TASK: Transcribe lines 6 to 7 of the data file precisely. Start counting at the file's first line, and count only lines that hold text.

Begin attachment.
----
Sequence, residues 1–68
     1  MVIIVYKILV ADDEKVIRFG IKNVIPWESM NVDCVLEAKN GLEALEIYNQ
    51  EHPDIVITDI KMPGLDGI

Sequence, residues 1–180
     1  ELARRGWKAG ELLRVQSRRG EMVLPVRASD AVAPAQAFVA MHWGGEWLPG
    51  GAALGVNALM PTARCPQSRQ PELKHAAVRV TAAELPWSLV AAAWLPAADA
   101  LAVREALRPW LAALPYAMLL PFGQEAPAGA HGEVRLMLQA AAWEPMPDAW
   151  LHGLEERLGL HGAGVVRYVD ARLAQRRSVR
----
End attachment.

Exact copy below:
    51  GAALGVNALM PTARCPQSRQ PELKHAAVRV TAAELPWSLV AAAWLPAADA
   101  LAVREALRPW LAALPYAMLL PFGQEAPAGA HGEVRLMLQA AAWEPMPDAW